American prison is filled with minorities. The boom of minority in prison started after the 1980s war on drugs. Once arrested minorities are more likely to be convicted and their more likely to face hard sentence after begin convicted. In the article 1 in 3 black males will go to prison in their
While the number of women incarcerated is relatively low, the racial and ethnic disparities are startling. African American women are three times more likely than white women to be incarcerated, while Hispanic women are 69 percent more likely than white women to be incarcerated.
Racial and ethnic minorities account for thirty percent of the U.S. population but they make up sixty percent of those incarcerated. 1 out of 15 black men are incarcerated and only 1 out of 106 white men will be prisoned in their lifetime. When it comes to confrontations
“It is said that no one truly knows a nation until one has been inside its jails. A nation should not be judged by how it treats its highest citizens, but its lowest ones” –Nelson Mandela. Life in prison is unimaginable to most of the population of this world. Prison is a place of great diversity. An article from crimemuseum.com states the ratio of races in prison populations from 2007: “Statistics from 2007 indicate that 93% of the prison population is made up of males, and 7% of inmates were female. Comparisons with data from 1995 and 2000 indicate that those numbers remain nearly constant from year to year. Out of those locked up, 33% were White, 39% were Black, and about 20% were Hispanic” (“Prison”, 2017, p. 1). In prison, there is
Incarceration rates are a definite proof that racial discrimination occurs. “Incarceration rates in the United States have risen sharply since 1980”, stated Filip Spagnoli, “the racial distribution of inmates in the U.S. is highly negative for black Americans. Whereas they only make up 12% of the total U.S. population, they represent more than 40% of inmates”
While looking at the massive number of people incarcerated in the United States, it is easy to see that a major disparity presents itself when looking at the races of those incarcerated. The numbers are astonishing: “Though African Americans and Hispanics make up approximately 32 percent of the US population, they comprised 56 percent of all incarcerated people in 2015” (“Criminal Justice Fact Sheet”, n.d.). These questions arise: Is our criminal justice system discriminatory? Or, do minorities actually engage in more crime than whites? The statistics are clear:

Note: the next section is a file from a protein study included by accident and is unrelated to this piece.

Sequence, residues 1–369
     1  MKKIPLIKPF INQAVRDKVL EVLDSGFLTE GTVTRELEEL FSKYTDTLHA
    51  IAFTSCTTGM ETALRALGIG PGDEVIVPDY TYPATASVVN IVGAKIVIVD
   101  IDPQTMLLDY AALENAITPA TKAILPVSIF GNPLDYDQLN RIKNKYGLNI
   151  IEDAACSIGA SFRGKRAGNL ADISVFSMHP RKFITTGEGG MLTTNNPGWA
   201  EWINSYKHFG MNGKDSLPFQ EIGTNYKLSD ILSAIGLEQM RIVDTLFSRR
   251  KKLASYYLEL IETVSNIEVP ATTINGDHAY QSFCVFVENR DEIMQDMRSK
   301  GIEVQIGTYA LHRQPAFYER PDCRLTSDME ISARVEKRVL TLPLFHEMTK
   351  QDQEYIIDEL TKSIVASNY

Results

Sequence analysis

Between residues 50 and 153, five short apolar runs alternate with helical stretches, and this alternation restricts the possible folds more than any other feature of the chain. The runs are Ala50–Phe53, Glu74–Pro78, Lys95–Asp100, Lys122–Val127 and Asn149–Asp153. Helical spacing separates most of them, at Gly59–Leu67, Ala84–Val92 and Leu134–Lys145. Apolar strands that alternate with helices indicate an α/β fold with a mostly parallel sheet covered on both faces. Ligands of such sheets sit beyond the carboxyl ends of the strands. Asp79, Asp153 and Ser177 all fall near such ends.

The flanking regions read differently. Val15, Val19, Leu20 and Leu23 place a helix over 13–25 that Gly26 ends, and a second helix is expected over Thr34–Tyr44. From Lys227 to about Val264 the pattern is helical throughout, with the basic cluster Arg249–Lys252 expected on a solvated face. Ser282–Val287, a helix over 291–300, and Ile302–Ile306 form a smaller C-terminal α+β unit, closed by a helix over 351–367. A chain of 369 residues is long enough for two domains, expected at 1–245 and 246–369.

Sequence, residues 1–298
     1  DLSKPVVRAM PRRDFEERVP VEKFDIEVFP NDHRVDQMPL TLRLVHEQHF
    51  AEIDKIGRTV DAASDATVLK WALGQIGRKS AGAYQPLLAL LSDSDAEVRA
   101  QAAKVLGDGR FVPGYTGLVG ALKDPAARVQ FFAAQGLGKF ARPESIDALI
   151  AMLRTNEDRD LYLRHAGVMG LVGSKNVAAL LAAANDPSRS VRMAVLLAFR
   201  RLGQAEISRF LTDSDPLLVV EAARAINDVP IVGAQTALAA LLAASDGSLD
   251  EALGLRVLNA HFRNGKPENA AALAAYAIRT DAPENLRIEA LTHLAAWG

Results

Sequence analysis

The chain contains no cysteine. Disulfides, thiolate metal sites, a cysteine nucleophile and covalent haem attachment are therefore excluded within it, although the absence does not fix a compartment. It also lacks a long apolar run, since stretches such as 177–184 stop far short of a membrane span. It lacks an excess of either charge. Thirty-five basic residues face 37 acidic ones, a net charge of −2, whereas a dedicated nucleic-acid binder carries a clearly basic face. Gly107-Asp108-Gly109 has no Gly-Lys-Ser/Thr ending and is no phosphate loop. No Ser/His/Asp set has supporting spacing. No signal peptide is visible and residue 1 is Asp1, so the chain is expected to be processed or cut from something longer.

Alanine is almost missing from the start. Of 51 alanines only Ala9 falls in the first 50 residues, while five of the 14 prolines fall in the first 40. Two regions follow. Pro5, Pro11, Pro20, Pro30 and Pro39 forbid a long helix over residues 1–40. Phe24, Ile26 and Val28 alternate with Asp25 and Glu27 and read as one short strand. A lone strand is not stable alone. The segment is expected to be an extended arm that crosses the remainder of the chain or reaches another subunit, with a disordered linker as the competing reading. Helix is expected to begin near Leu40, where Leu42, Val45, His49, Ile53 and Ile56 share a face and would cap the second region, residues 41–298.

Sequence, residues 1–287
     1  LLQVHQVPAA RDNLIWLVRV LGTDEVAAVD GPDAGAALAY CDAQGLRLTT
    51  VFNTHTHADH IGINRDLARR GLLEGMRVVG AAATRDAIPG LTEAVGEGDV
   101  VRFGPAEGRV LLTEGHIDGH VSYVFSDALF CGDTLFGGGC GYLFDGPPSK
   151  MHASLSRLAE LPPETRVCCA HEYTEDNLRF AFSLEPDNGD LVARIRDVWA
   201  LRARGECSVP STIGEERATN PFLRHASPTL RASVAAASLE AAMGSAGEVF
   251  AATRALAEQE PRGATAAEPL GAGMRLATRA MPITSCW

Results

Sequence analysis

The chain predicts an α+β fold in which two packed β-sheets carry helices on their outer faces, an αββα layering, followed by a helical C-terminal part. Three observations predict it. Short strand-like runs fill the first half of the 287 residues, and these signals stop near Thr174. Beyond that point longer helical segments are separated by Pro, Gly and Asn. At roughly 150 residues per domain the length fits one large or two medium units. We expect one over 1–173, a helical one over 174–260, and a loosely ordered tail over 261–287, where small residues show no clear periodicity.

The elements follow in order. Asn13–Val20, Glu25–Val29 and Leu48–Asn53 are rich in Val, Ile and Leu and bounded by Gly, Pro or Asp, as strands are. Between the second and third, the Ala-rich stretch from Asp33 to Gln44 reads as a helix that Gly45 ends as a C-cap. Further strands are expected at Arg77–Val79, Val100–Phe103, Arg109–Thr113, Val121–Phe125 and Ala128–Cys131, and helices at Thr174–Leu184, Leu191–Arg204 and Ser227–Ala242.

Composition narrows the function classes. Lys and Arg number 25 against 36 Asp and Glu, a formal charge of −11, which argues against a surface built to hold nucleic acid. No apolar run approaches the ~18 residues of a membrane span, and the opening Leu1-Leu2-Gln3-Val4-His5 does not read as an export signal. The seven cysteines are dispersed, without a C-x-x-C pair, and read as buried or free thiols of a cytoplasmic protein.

There are so many more African-Americans than whites in our prisons that the difference cannot be explained by higher crime among African- Americans - racial discrimination is also at work, and it penalizes African- Americans at almost every juncture in the criminal justice system.1
Minorities are being sentence to jail for harsher punishment more than whites in the United States. In this disparity of the justice system, young white males between the ages of 18-29 were 38% less likely to be sentences to prison than black men of the same age group (Kansal, 2005). According to Kansal (2005) “ Young uneducated or unemployed African American and Hispanic males are more likely to serve longer sentences and, have a
Hispanic juveniles are three times more likely than white youths to be incarcerated. Three out of four confined juveniles are minorities. Of all minorities, it has been proven that African-American juveniles have higher confinement rates and are more likely to be sentenced to adult prison (Crutchfield, Fernandes, Martinez, 2010 p. 913).
American prisons have a disparity of minority inmate population, and one of the reasons this is so is because of the manner the judicial system operates. The investigator chose this topic because there are many African Americans and Hispanics that have been incarcerated for crimes they committed, as well as for crimes they didn’t commit, and because of their cultural background they were given severer sentencing. After performing the research the investigator found that many factors played a big part in the incarceration of minorities that included, ethnicity and gender. Although there is a high crime rate in minority areas, there are more
In 2010, the number of Hispanic men incarcerated per 100,000 U.S. residents was 2.6 times greater than that of white men, and the number of black men incarcerated was 6.4 times greater (Light, 2015). Considering that only 13% of the United States